The Finnish Academy of Science and Letters will place the publication of FF Communications and FF Network in the Institute and entrust it with the maintenance of the various FF scholarly networks. The Institute will be responsible for the international information on the Folklore Fellows’ Summer School and represent the Academy on the organising committee of the Summer School. Triennially the Academy will seek a proposal for the recipient of the Kalevala Prize from the Institute.

The Alfred Kordelin Foundation will, with an annual grant during 1998-2000, support Kalevala research and comparative research on epics, the dissemination of international information on these topics, plus doctoral dissertations and fieldwork on oral and traditional epics. The Foundation will place in the Institute the equipment and some of the research literature acquired during 1991-95 for the “Kalevala and Comparative Research on Epics” project.

The Finnish Literature Society will consider for publication the books produced by the Institute and is willing to negotiate the initiation of new book projects in the field of Kalevala research and affiliated topics. The Society will participate in the publication of FF Network by providing information about its activities and publications and by sharing the costs. The Society will exchange relevant mailing registers with the Institute. The fifth partner, the Kalevala Society, will provide the Institute with expertise on the reception of the Kalevala and its utilisation in the arts and cultural policy. It will give the Institute relevant information from its register on the Kalevala translations and exchange pertinent mailing registers.

The cooperative idea thus implies the pooling of certain extant activities by the signatories and new projects to be planned by the Steering Group of the Kalevala Institute. The parties will not relinquish their rights of ownership: they will merely engage in the joint planning and coordination of certain activities and make their expertise at the disposal of the research unit in question. Any signatory deeming the partnership inadequate has the right to withdraw. Notice of withdrawal must be given one year in advance.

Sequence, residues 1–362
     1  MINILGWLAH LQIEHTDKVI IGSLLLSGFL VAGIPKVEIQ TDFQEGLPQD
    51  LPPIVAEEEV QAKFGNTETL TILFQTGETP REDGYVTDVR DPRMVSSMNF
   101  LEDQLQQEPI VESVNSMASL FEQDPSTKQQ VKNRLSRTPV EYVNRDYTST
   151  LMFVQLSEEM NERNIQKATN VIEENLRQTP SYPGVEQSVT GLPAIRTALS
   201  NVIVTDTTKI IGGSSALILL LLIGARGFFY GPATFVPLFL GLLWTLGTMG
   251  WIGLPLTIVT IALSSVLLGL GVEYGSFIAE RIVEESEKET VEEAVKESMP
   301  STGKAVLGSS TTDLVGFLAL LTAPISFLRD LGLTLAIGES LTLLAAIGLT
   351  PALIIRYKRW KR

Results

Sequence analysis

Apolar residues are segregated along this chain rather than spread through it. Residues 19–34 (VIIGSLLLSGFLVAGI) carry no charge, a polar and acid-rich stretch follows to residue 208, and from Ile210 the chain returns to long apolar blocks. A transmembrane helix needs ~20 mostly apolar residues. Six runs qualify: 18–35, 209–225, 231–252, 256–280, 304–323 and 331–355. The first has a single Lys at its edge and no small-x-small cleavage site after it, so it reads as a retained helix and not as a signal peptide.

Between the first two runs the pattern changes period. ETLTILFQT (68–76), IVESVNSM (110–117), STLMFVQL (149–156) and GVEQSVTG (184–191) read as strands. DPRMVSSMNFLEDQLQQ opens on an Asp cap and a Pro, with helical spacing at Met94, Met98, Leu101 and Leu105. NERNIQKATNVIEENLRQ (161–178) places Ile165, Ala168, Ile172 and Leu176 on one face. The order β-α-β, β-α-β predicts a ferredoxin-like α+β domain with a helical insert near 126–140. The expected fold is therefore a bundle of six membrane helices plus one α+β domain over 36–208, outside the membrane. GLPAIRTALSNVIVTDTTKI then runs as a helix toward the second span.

The status of the Kalevala Institute within the university structure will be defined by the Administrative Office of the University of Turku. The day-to-day administration of the Institute will be in the hands of a part-time Director, who will follow the guidelines set by the Steering Group. The Group has eight members and their personal substitutes (= S, cf. the list below), three of them nominated by the University of Turku, two by the Finnish Academy of Sciences and Letters, one each by the Finnish Literature Society, the Kalevala Society and the Alfred Kordelin Foundation. The mandate is for three-year periods. The Director can be a member of the Steering Group. The Steering Group has the general administrative responsibility for the planning, development and supervision of the activities of the Institute, it takes on personnel upon the proposal of the Director (the contract of employment is with the University of Turku) and approves the budget and the principles for the allocation of funds.

The preparatory work of the Planning Group of the Kalevala Institute initiated by the Finnish Academy of Science and Letters in 1996 concluded on March 9, 1998, when the Steering Group convened for its constitutive meeting at the University of Turku. The Cooperation Agreement stipulated the approval of the decisions made by the Planning Group. The composition of the first Steering Group, based on the nominations by the signatories, is as follows:

Lauri Honko, Prof. emer., Project Leader, University of Turku
(S: Veikko Anttonen, Professor of Comparative Religion, University of Turku)
Annikki Kaivola-Bregenhøj, Associate Professor of Folkloristics, University of Turku
(S: Maria Vasenkari, Assistant of Folkloristics, University of Turku)
Seppo Knuuttila, Professor of Folklore Research, University of Joensuu
(S: Timo Leisiö, Professor of Ethnomusicology, University of Tampere)
Esko Koivusalo, Secretary General, Alfred Kordelin Foundation
(S: Anna-Leena Siikala, Professor of Folkloristics, University of Helsinki, Alfred Kordelin Foundation)
Pekka Laaksonen, Chief Archivist, Folklore Archive of the Finnish Literature Society, Chairman of the Kalevala Society
(S: Henni Ilomäki, Chief Librarian, Finnish Literature Society, Kalevala Society)
Anna-Leena Siikala, Professor of Folkloristics, University of Helsinki
(S: Ulrika Wolf-Knuts, Docent, Lecturer of Folkloristics, Åbo Akademi University)
Urpo Vento, Secretary General, Finnish Literature Society
(S: Senni Timonen, Researcher, Finnish Literature Society)